Dive into the intricate world of NPR’s sponsorship marketing with industry vet Lamar Johnson. Discover the balancing act between maintaining editorial integrity and embracing innovations like influencers. From viral memes to niche podcasts, uncover how NPR cultivates cultural participation and attracts a dream demographic for marketers. Here are a few of the topics we’ll discuss on this episode of Hard to Market Podcast.
- Balancing sponsorship & NPR values
- The power of cultural participation
- Quality trumps size in media reach
- Impact of influencer collaborations
- Agile marketing in a dynamic news cycle
- 18:33 – And that’s one of the things that I’m so proud of in terms of working at NPM on behalf of NPR is that our work both on both sides helps brands participate in culture work, a marketer’s dream. Absolutely! That’s a fully engaged content. We had somebody on the show not long ago that spoke to experiential marketing and creating these experiences. And I think you’re starting to see that creep more and more into the dynamic for marketers. And I think what you’re talking about is right there with it. So Lamar as we start to wrap here I want to ask a couple of key questions One I mean obviously the brand speaks for itself. It’s you’ve done a ton of legwork but you’ve also got this really really powerful history.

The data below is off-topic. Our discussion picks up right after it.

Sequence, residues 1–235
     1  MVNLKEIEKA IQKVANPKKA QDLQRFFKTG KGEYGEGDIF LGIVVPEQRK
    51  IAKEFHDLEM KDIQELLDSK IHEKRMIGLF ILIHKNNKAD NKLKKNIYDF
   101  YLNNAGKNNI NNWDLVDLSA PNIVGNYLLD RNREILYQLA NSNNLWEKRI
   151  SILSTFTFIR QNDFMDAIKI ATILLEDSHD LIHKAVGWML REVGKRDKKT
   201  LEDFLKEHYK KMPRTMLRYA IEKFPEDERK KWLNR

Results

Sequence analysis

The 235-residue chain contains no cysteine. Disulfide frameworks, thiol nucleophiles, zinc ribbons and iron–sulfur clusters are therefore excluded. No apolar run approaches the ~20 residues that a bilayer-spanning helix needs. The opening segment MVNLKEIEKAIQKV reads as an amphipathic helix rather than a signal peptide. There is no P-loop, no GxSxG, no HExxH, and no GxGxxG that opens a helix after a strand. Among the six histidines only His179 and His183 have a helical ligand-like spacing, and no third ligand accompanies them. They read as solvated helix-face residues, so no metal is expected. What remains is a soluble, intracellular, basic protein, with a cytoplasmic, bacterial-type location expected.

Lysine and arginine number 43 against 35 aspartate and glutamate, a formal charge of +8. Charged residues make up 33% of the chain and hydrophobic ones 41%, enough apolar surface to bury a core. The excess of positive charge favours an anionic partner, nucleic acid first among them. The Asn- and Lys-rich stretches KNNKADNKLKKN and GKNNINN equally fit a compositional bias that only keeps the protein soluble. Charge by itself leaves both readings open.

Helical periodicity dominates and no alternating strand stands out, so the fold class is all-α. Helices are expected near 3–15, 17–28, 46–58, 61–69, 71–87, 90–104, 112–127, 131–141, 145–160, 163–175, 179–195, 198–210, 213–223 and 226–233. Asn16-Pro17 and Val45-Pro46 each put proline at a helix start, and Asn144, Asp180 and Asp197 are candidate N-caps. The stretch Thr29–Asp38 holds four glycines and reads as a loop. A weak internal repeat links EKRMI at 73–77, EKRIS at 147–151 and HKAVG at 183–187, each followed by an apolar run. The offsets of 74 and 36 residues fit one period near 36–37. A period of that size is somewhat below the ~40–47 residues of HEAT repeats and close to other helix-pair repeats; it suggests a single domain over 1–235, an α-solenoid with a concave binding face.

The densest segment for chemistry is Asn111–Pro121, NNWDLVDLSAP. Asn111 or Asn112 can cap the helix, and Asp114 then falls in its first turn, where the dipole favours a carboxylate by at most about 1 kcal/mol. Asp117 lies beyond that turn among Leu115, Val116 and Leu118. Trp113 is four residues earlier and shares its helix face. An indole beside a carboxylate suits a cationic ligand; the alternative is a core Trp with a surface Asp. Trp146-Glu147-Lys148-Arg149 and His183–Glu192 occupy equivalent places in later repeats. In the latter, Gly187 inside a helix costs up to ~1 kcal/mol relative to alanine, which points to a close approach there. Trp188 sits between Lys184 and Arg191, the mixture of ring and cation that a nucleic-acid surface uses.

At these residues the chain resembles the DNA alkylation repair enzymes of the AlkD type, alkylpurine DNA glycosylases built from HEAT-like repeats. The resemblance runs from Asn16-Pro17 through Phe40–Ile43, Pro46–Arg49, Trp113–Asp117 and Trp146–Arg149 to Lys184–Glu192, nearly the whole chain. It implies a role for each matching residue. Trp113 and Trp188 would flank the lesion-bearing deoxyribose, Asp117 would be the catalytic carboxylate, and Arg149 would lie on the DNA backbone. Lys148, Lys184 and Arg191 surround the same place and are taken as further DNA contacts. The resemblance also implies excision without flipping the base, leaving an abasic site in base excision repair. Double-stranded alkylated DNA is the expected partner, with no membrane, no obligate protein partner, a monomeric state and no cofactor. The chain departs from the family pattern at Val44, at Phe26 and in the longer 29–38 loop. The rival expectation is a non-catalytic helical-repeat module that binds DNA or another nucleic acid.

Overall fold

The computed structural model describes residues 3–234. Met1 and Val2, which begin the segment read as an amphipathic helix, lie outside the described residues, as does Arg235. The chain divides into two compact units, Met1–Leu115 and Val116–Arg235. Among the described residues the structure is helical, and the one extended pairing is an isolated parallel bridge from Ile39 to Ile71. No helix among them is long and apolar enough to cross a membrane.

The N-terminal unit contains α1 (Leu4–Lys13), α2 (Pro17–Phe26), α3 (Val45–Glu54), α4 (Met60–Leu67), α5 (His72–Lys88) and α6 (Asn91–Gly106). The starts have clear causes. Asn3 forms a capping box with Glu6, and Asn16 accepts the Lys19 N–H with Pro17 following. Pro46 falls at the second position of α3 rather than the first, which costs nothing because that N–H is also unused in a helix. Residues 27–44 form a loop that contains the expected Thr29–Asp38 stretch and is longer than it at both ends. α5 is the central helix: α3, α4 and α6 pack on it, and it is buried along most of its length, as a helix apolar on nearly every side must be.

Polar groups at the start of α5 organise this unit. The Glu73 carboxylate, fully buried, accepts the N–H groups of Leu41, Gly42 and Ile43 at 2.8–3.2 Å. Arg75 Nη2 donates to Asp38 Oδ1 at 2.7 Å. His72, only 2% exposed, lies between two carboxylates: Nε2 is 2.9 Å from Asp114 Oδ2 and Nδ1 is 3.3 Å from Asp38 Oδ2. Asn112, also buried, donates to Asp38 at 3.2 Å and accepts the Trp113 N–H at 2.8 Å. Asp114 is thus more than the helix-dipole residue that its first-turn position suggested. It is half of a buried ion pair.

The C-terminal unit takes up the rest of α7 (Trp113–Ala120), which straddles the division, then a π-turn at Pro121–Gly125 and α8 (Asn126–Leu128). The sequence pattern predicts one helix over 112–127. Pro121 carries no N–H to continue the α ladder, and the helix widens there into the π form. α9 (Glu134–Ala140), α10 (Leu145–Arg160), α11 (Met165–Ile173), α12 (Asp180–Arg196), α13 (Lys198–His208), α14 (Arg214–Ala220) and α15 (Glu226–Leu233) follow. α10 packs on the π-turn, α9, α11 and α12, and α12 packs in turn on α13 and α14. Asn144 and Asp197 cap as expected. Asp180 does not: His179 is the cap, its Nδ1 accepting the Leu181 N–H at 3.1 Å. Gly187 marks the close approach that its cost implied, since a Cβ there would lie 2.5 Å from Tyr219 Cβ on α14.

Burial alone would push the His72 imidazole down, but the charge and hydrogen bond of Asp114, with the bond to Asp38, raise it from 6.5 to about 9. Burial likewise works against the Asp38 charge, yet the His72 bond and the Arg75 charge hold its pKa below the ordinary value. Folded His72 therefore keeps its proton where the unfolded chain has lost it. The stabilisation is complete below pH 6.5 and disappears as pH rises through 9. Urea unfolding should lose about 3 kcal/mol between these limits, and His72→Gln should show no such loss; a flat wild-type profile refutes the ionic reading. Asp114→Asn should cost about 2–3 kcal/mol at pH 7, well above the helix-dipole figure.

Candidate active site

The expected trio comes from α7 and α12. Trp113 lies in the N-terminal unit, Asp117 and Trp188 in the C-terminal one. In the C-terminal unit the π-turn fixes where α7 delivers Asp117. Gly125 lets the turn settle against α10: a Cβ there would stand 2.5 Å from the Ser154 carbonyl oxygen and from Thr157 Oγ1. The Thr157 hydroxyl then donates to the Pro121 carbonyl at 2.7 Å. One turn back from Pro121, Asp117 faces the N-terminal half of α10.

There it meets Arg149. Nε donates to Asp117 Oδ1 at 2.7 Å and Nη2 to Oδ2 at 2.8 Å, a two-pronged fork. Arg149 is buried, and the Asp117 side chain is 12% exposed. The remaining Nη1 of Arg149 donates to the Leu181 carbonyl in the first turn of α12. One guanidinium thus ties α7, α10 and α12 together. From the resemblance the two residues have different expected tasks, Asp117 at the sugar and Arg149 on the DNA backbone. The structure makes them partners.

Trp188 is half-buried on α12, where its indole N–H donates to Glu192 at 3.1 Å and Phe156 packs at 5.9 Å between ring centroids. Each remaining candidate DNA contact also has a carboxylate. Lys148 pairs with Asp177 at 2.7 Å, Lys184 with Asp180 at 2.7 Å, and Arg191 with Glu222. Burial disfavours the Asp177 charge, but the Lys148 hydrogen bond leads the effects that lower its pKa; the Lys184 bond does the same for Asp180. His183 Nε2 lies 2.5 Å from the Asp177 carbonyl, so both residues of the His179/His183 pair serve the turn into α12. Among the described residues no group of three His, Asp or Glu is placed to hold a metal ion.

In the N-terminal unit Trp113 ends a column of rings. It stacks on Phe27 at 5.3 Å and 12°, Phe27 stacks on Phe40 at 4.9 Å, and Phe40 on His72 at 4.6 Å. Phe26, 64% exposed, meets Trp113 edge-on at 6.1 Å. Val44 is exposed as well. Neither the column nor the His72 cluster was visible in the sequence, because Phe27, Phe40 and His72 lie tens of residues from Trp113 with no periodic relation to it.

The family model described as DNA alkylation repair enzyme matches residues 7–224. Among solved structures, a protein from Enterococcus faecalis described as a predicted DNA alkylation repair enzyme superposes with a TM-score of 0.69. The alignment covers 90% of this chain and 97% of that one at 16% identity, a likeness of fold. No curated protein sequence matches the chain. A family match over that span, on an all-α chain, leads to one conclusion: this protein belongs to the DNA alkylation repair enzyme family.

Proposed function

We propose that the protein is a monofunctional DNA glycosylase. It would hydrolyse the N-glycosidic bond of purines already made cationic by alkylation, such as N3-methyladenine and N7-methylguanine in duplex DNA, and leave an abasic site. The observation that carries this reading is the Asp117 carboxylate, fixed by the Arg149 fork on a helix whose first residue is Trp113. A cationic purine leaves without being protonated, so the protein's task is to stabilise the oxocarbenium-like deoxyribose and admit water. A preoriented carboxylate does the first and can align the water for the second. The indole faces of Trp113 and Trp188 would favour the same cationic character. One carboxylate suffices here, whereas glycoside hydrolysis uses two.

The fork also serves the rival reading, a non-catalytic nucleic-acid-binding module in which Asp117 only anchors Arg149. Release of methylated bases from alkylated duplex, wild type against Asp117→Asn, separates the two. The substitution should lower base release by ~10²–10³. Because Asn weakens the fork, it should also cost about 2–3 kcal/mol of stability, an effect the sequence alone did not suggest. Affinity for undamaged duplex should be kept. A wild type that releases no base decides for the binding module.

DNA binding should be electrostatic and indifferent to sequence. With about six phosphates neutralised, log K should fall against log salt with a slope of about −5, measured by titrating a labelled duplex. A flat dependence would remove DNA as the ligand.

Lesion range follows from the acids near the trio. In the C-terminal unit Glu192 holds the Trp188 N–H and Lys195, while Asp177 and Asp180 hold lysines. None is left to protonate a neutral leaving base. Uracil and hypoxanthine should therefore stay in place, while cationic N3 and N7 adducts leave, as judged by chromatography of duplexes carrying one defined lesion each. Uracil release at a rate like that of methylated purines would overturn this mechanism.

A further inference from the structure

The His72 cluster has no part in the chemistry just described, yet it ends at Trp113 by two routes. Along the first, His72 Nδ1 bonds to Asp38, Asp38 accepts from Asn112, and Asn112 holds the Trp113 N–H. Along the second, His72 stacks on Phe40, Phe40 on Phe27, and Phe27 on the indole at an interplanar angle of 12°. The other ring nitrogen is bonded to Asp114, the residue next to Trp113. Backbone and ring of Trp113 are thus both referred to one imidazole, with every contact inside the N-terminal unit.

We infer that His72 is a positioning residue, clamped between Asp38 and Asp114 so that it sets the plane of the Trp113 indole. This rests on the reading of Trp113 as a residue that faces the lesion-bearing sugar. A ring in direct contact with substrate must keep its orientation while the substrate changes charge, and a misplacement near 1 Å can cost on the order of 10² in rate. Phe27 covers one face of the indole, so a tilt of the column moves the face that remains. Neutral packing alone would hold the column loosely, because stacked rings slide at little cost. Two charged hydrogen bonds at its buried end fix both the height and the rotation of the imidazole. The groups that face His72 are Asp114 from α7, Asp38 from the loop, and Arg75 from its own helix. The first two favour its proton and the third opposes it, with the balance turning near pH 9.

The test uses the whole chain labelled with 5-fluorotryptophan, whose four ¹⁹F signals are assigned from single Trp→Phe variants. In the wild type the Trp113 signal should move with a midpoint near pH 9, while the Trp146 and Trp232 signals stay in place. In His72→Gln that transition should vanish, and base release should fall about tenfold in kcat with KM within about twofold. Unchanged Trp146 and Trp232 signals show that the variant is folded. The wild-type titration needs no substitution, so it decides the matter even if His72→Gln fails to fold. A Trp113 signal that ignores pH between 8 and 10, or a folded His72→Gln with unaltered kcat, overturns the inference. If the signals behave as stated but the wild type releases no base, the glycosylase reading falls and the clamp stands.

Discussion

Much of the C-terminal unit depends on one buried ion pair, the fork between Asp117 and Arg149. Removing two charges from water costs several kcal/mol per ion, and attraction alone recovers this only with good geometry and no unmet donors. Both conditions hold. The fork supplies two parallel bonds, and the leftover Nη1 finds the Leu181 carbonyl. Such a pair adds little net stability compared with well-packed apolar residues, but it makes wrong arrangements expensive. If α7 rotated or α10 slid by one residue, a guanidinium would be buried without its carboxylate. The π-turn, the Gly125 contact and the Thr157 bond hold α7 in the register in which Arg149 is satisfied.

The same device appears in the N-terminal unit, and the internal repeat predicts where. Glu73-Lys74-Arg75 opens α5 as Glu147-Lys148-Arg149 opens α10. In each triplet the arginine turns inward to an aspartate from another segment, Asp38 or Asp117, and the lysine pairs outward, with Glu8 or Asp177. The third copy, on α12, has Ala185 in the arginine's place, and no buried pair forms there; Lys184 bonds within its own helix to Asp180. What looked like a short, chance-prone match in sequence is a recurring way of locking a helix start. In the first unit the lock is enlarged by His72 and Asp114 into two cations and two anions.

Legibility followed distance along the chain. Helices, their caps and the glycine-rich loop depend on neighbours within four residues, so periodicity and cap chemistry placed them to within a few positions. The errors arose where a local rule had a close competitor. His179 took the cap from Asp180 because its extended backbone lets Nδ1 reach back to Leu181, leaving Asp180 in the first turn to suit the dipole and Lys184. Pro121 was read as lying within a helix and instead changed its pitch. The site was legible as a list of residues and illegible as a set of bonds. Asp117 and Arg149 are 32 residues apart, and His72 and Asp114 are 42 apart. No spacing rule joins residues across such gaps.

- 11:47 – Lamar: And so we have found some success in utilizing these sort of newer approaches to getting the marketing message out. Brian: Everybody throws shade at influencers but nobody was throwing shade at movie stars back in the 80s right? Lamar: Exactly! And I think the word influencers is loaded in a lot of people’s minds. You know maybe they feel like there’s some nefarious intent there but influencing has been going on for a long time as you said. But anyway I use broadcast towers but the point still carries in terms of these people have audiences. They’re able to influence And so you know we have done again some work with them and really found success in terms of influencers being able to amplify a message get a message to a new audience.
- 17:10 – Less focused on the advertising aspect of it and more on the culture and conversation. You know we’ve had I’ll just use the Usher meme last summer. You know Usher did a Tiny Desk concert for us in the summer of 2022 and did a little funny move when he was performing that then went on to become a meme that went all over the world. We kind of have a similar situation right now with another clip from a Tiny Desk concert that appears to be going viral on social media. And so there’s a certain amount of you have to let the reins of the community you know sort of do their thing in terms of sharing elements of our content.
- 16:04 – Brian: Are you using the DMCA to pull back so you can make sure that you can retain control. What does that look like I mean without causing like Streisand effect stuff. Lamar: Well you know a lot of that is really dictated and managed on the NPR side from an editorial and content perspective and so I would defer to them in terms of what those processes are to be honest with you. I’m not that close to it from a technical perspective. But it’s something that we’re mindful of and it’s something obviously to be considered. But you know we are we do recognize the fact that NPR content is very relevant and people have that aspiration of sharing our stuff. There’s you know again I hate to keep using this this notion of a balancing act but there is an aspect of virality or the viral nature of things where exactly something and just post it and run with it.